If you look frequently at satellite imagery or astronaut photography, you have probably noticed bright patches of light that can make certain bodies of water gleam with unusual color. (If not, look at these examples in the waters around Cape Cod and the Lesser Antilles, as well as rivers in Brazil.) That gleam is caused by sunglint, an optical phenomenon that occurs when sunlight reflects off the surface of water at the same angle that a satellite sensor views it. The result is a mirror-like specular reflection of sunlight off the water and back at the satellite sensor or astronaut.
If bodies of water were perfectly smooth, a sequence of nearly perfect reflections of the Sun would appear in a line along the track of the satellite’s orbit. In reality, water surfaces are irregular and often in motion due to waves and currents, so the sunlight gets scattered in many directions and leaves blurry streaks of light in the swaths of satellite data. For instance, notice the strips of sunglint in the mosaic below. All of the data was collected by the Moderate Resolution Imaging Spectroradiometer (MODIS) on NASA’s Aqua satellite on July 3, 2014.
The combination of sunglint, wind patterns, and island shapes around Crete and the Aegean islands made for a particularly spectacular scene that day. (See the image at the top of this page.) Although sunglint washes out many features, it also reveals details about the water and atmospheric circulation that are usually hidden. In this case, sunglint exposed wakes caused by north and northwest winds that roughened and smoothed the water surface behind Crete and the other islands.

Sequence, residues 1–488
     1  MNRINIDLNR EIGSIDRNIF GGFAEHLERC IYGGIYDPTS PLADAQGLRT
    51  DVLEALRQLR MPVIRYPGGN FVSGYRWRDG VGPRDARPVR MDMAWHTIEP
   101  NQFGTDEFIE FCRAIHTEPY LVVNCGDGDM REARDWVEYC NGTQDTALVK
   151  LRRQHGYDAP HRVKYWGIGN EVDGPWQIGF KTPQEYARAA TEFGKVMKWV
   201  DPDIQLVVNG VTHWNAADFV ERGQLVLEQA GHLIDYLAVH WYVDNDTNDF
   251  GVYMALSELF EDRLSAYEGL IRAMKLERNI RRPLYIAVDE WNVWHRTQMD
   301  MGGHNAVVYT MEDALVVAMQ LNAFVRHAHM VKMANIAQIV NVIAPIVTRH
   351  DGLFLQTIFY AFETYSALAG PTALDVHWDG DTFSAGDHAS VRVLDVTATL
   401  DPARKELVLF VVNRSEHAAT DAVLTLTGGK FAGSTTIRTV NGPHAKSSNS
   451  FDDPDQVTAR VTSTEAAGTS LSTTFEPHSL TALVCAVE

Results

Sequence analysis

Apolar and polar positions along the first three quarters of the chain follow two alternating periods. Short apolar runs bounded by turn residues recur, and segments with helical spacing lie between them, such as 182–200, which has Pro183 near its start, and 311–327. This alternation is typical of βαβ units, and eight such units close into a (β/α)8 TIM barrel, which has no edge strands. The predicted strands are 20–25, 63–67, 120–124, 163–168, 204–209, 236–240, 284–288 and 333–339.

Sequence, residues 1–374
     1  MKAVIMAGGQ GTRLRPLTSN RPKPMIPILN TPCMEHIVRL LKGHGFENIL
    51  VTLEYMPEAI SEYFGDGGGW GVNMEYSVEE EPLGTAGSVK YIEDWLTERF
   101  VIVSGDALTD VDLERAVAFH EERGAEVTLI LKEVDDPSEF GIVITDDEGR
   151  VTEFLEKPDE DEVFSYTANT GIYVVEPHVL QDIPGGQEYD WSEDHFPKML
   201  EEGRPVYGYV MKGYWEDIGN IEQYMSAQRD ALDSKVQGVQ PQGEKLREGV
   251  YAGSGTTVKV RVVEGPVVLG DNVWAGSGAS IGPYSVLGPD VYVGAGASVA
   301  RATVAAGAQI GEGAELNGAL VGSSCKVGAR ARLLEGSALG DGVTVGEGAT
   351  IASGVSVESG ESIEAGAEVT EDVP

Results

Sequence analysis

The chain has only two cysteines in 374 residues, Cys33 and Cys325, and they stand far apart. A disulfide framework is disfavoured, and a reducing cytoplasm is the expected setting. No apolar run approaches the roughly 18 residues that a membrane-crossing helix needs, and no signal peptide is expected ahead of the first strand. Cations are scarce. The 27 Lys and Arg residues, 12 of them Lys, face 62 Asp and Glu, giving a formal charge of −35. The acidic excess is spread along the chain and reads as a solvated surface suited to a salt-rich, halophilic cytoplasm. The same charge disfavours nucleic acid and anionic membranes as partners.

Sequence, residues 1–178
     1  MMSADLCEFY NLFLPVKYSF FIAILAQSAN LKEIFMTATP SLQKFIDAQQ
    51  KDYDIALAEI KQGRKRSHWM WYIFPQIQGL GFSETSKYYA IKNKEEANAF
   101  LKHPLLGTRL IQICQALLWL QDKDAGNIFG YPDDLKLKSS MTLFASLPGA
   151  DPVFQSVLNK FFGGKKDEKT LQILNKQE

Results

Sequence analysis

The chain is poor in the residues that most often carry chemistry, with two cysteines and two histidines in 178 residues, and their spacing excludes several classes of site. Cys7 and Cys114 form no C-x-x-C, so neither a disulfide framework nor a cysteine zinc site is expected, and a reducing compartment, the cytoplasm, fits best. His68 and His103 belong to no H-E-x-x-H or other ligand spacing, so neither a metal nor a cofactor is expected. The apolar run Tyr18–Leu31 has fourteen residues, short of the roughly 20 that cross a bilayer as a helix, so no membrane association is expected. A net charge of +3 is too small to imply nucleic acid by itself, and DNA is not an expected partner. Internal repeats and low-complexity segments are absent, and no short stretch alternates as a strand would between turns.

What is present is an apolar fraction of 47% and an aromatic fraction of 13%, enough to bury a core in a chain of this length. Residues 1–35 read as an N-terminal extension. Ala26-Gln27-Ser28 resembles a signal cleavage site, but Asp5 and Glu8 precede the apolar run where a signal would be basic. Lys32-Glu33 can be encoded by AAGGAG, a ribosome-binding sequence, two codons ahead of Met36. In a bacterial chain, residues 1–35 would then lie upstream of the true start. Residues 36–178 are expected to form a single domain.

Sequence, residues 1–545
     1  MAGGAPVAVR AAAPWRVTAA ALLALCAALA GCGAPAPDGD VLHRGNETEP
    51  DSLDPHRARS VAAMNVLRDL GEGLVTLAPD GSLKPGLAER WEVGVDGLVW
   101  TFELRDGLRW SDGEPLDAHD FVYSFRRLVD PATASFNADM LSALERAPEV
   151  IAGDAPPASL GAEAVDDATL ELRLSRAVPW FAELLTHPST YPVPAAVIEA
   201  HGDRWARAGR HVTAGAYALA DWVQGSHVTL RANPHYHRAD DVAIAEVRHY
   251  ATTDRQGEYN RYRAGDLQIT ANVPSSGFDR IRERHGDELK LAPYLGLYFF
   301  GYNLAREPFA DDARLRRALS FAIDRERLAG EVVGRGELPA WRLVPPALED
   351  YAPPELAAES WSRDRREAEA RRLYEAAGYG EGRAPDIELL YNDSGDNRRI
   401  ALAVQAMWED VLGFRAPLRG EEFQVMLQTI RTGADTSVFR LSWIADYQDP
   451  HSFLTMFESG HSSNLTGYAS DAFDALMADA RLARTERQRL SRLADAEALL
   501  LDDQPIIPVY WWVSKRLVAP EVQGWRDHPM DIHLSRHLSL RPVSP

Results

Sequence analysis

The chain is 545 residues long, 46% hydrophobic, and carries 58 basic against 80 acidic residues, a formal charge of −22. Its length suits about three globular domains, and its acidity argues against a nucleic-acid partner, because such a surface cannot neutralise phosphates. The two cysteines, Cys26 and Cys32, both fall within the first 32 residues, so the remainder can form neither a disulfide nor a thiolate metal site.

The islands create a sort of wind shadow—blocking, slowing, and redirecting air flow. That wind, or lack of it, piles up waves and choppy water in some places and calms the water surface in others, changing how light is reflected. In addition, sunglint revealed what appear to be atmospheric gravity waves downwind of many of the Aegean Islands.
While sunglint often produces visually-stunning images, the phenomenon can create problems for remote sensing scientists because it obscures features that are usually visible. This is particularly true for oceanographers who use satellites to study phytoplankton and ocean color. As a result, researchers have developed several methods to screen sunglint-contaminated imagery out of data archives.
This image from the Moderate Resolution Imaging Spectroradiometer (MODIS) on NASA’s Aqua satellite on August 30, 2009, shows the Timor Sea and what are probably oil slicks about 250 kilometers northwest of Western Australia.